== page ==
in practice our invention has proven to be extremely satisfactory and practical. While we have shown our invention applied to an up packing, single box press, it is equally applicable to a down packing press having either single or double boxes.

While we have shown our invention in but one form, it will be obvious to those skilled in the art that it is not so limited, but is susceptible of various other changes and modifications without departing from the spirit thereof.

What we claim is:

l. A fiber collecting system characterized by a major reduction in the contamination of the fiber collected therein and loss of fiber therefrom comprising:

a. a fiber collecting chamber,

b. means to introduce fiber into the chamber,

c. a reciprocating packing member operable in the chamber, and

(1. means to maintain the interior of the chamber under subatmospheric pressure during the compaction stroke of the packing member.

2. A fiber collection system characterized by a major reduction in the contamination of the fiber collected therein and loss of fiber therefrom comprising:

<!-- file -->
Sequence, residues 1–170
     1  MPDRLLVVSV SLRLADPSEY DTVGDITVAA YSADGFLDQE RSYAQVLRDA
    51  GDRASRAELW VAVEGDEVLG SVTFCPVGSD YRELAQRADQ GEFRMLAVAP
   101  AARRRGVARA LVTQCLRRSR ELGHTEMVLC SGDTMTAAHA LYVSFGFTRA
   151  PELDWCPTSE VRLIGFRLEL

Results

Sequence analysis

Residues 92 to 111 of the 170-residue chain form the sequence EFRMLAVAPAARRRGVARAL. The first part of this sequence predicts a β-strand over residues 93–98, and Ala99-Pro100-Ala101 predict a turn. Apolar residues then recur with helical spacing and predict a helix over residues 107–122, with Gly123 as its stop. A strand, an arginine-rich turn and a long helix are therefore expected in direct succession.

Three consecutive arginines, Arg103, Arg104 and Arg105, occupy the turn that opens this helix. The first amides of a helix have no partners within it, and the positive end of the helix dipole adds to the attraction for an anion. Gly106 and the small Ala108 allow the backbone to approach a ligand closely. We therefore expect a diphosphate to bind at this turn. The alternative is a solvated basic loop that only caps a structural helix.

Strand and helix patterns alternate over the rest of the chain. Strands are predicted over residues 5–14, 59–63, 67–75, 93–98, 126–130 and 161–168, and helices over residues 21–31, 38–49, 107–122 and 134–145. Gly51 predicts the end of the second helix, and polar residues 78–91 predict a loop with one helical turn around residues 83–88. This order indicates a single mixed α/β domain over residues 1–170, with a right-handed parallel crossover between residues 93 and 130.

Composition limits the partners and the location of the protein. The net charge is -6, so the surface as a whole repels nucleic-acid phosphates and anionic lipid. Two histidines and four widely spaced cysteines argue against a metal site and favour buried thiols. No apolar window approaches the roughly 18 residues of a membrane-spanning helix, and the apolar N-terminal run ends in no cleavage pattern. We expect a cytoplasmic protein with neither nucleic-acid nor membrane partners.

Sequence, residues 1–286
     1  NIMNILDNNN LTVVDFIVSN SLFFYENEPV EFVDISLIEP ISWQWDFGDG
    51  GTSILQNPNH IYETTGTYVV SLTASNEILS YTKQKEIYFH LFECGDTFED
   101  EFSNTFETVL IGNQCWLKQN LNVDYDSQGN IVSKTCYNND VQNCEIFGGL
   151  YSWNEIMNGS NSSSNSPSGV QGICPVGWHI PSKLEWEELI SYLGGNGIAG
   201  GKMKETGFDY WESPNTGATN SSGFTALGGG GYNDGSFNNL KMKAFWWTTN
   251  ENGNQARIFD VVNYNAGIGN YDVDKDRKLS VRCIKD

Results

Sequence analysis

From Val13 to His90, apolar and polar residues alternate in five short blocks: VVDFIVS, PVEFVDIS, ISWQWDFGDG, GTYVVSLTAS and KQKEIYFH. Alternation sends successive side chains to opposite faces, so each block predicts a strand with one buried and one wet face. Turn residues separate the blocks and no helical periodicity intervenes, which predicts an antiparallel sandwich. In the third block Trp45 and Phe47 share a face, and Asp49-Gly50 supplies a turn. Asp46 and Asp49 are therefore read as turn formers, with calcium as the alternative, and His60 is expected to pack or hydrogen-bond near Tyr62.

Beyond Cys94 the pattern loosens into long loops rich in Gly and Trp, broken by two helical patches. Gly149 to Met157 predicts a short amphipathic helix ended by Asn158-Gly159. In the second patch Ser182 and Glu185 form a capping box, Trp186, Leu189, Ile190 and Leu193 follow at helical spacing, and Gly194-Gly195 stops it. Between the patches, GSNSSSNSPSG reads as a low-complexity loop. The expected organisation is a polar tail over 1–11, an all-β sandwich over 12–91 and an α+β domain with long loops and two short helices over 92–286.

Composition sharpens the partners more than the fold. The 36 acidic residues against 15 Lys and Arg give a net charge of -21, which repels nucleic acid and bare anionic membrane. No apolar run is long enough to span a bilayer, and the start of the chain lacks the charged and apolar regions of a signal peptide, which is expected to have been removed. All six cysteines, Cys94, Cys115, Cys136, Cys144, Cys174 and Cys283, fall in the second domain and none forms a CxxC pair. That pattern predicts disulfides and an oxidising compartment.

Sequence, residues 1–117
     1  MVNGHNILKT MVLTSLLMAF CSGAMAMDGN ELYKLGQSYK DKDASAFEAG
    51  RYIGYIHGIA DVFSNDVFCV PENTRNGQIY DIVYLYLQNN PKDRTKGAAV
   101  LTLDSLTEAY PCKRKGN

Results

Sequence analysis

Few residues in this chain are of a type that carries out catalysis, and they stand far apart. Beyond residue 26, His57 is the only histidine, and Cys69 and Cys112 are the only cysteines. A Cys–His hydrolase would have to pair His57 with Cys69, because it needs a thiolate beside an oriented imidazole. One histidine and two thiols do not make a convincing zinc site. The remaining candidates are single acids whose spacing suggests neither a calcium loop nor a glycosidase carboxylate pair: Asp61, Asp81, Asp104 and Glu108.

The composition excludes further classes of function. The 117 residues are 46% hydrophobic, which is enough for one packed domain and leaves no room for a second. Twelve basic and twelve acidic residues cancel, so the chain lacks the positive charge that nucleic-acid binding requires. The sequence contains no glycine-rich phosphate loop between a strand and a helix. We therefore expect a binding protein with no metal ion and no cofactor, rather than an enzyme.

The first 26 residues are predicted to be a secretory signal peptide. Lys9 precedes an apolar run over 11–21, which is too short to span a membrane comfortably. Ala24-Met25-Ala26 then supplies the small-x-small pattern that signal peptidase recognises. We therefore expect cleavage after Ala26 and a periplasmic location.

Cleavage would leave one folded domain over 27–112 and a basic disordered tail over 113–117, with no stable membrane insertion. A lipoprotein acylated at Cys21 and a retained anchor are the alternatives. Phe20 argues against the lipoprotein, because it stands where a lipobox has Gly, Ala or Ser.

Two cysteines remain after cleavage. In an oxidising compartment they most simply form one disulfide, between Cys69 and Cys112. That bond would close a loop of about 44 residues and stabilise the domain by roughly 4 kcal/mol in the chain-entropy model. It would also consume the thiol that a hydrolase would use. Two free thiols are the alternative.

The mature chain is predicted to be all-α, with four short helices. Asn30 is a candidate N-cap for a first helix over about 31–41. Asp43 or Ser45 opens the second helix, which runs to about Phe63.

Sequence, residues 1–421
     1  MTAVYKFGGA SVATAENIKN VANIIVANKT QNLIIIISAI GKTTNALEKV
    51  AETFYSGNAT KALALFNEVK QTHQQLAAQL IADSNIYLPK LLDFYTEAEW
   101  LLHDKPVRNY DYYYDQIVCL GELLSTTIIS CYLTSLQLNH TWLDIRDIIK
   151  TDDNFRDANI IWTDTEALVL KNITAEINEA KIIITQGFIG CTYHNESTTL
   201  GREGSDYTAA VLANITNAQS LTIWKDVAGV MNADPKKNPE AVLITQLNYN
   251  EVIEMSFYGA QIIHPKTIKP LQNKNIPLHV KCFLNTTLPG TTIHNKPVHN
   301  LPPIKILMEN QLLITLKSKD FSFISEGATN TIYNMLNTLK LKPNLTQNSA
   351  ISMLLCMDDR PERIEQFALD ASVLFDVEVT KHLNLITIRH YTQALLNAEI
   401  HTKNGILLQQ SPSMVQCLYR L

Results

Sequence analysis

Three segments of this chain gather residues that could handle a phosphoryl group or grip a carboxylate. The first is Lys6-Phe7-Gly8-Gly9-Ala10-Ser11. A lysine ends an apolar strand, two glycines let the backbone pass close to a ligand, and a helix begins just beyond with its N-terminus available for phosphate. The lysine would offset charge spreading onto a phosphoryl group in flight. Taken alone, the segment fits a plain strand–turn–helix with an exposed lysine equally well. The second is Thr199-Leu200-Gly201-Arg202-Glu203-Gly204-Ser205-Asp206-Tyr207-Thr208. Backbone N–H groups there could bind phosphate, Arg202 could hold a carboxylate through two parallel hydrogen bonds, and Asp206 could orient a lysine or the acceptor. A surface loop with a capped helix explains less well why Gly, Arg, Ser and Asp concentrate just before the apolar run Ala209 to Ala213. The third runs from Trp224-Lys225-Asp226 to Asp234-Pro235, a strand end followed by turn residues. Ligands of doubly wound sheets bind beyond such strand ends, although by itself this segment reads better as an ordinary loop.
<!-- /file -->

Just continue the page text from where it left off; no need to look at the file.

a. a vertically elongated fiber collection chamber,

b. a reciprocable packing member operable within the chamber to pack the fibers therein,

c. means to introduce fiber into the chamber at a point between the ends of the path of travel of the packing member comprising,

l. a support onto which the fiber is delivered, and

2. means to direct lateral streams of air under superatmospheric pressure through the support and onto the fiber resting thereon, whereby the fiber is moved solely by said air streams from the support into the chamber, and

d. means to maintain the interior of the chamber under subatmospheric pressure during the compaction stroke of the packing member.

3. ln fiber packing apparatus,

a. an elongated vertical fiber receiving chamber,

b. a fiber packing member mounted adjacent the upper end ofthe chamber and having a packing member adapted to reciprocate vertically, thereby intermittently to pack in the lower part of the chamber charges of fiber delivered to the chamber,

. fiber holding dogs pivotally mounted to opposed sides of the chamber at a point intermediate its ends, said dogs having fiber engaging ends projecting through slots in the walls of the chamber,

d. means to deliver fiber through a wall of the chamber located above the dogs and at a lower point on the chamber than the packer member when in retracted position comprising,